Go Back  DoItYourself.com Community Forums > Electrical, AC & DC. Electronic Equipment and Computers > Electrical - AC & DC
Reload this Page >

Use of an appliance trips a breaker that is not the circuit of use

Use of an appliance trips a breaker that is not the circuit of use


  #1  
Old 02-21-17, 09:04 AM
T
Member
Thread Starter
Join Date: Feb 2017
Location: USA
Posts: 3
Upvotes: 0
Received 0 Upvotes on 0 Posts
Use of an appliance trips a breaker that is not the circuit of use

My home is two years old. I have lived in the home one year and am out of builder warranty. When I use my refrigerator water dispenser, the arc fault breaker for the overhead lighting and other electrical sockets for the living room and study trips. The refrigerator circuit breaker does not trip nor any other kitchen circuit. This is completely random and is not duplicated easily for diagnosis purpose. Failure rate is the the single digit percentile. The only thing I have done is remove and reinstall face plates in a room on the affected circuit for painting. No paint has entered any of the electric. The failure happened with and without the faceplates installed for what its worth. The load on the failing circuit is small (new TV, computer router, cfl lighting on dimmer switches) How can the use of one circuit create a failure of another?


Update:

After testing the gfci switch that the fridge outlet is supposedly tied to, the fridge does not shut down. The gfci outlet does though. Does that mean the fridge is not tied to the gfci? The outlet the fridge is dedicated to is not gfci. The 15 amp GAFCI breaker that trips is directly across from the kitchen circuit with the fridge (20 amp non CAFCI type) in the breaker box.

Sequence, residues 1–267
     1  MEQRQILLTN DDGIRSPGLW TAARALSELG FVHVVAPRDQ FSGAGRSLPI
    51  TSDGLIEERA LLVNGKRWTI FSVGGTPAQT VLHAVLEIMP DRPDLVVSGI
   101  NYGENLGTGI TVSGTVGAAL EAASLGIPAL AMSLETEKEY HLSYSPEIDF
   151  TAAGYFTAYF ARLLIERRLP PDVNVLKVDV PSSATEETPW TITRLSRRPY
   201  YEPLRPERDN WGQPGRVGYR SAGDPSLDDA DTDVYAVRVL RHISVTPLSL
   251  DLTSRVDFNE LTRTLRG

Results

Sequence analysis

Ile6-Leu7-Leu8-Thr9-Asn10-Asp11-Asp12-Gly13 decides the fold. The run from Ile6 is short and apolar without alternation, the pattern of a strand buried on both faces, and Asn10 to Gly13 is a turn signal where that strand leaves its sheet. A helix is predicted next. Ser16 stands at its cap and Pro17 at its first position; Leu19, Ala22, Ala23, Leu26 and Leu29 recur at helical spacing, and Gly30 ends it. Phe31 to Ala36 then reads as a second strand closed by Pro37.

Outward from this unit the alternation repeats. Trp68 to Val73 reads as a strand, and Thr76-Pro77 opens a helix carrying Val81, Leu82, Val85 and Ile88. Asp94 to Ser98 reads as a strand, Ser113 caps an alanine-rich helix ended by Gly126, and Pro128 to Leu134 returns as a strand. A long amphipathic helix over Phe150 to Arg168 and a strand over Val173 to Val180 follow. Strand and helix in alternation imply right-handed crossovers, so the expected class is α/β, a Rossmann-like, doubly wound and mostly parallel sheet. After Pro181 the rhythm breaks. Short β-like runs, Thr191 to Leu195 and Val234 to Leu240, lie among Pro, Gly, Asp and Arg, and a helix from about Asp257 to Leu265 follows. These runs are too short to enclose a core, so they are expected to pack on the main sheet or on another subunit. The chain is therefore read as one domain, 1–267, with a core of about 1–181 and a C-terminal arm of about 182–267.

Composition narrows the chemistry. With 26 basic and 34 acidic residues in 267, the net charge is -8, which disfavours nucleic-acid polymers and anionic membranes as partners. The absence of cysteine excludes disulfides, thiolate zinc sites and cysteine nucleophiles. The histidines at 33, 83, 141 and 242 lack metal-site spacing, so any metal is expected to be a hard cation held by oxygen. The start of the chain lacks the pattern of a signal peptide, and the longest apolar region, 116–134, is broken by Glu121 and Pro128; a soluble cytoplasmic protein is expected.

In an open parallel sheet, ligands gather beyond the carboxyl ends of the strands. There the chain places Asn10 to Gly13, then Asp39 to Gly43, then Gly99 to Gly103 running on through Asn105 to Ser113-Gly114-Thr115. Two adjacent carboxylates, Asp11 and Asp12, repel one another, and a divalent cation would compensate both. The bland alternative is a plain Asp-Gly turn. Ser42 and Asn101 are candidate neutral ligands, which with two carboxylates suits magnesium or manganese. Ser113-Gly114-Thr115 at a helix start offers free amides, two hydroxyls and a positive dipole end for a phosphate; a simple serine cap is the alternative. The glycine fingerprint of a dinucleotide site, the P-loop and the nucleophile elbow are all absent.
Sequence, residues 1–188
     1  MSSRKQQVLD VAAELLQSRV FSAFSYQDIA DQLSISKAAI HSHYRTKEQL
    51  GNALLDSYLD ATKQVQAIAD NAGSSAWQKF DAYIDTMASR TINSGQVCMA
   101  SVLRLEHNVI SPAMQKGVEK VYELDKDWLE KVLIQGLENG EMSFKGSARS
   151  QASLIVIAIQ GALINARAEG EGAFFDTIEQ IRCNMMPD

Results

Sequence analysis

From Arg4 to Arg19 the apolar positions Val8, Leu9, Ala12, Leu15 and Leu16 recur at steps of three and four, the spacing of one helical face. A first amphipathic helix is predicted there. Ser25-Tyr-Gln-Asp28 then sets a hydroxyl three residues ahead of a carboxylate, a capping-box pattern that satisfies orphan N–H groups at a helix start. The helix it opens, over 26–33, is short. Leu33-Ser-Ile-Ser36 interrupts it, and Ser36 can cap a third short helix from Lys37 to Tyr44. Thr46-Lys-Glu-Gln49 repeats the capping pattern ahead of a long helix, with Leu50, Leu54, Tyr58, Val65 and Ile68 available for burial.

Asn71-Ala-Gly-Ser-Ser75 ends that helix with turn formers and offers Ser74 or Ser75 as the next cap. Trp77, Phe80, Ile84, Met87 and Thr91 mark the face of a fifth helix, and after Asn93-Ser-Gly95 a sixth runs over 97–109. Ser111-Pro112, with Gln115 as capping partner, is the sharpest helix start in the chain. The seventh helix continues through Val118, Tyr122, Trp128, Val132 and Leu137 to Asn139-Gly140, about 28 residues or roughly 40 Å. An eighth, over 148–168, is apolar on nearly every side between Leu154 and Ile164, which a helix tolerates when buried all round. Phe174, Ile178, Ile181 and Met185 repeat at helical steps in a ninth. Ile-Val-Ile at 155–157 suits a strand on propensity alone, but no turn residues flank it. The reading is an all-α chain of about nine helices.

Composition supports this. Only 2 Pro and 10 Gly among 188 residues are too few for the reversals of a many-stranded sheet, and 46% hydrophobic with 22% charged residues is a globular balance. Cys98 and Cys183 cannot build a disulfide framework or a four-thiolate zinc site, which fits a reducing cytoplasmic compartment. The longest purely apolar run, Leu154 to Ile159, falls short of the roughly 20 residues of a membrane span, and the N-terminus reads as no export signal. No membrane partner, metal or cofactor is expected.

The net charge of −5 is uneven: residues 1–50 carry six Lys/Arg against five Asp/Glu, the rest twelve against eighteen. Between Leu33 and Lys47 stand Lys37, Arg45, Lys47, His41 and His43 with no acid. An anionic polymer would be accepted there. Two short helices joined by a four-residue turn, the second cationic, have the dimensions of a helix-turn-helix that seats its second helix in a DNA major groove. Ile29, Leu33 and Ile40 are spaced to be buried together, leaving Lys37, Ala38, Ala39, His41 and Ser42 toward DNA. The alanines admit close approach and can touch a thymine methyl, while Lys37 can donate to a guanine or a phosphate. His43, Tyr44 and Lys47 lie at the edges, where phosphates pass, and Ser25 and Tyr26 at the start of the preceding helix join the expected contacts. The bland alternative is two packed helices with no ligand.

Thanks

Thanks in advance.
 

Last edited by tippin; 02-21-17 at 10:04 AM.
  #2  
Old 02-21-17, 09:09 AM
pugsl's Avatar
Forum Topic Moderator
Join Date: Mar 2008
Location: United States
Posts: 8,161
Received 77 Upvotes on 70 Posts
For a while plug ref.into another outlet. If you have another gfci one you can use try that one If not just plug into one close not on GFCI outlet. Trying to find out it GFCI is bad or problem in ref.
 
  #3  
Old 02-21-17, 09:28 AM
T
Member
Thread Starter
Join Date: Feb 2017
Location: USA
Posts: 3
Upvotes: 0
Received 0 Upvotes on 0 Posts
Thanks Pugsi. I did have to go back and edit a word in my post. I don't know if this makes a real difference (I'm no electrician obviously) but its an arc fault breaker in the box and the light illuminated is for the arc. I will use an extension cord to use another outlet and test the scenario . FWIW there are two gfci outlets in the kitchen. I need to check if they are on the same circuit or separate. I do understand where you are going with the gfci.

Thanks for your help .
 
  #4  
Old 02-21-17, 09:33 AM
I
Forum Topic Moderator
Join Date: Feb 2005
Location: Near Lansing, Michigan
Posts: 9,785
Upvotes: 0
Received 45 Upvotes on 43 Posts
The first step when troubleshooting AFCI problems like this is to replace the troublesome AFCI breaker. They can fail in unusual ways. They are sensitive to interference on the electrical line which is filtered out in properly working breakers. Many brands will do so under warranty if you call the manufacturer's 1-800 number.
 
  #5  
Old 02-21-17, 09:52 AM
T
Member
Thread Starter
Join Date: Feb 2017
Location: USA
Posts: 3
Upvotes: 0
Received 0 Upvotes on 0 Posts
Thank you for the tip on the breaker warranty!
 
 

Thread Tools
Search this Thread
 
Ask a Question
Question Title:
Description:
Your question will be posted in: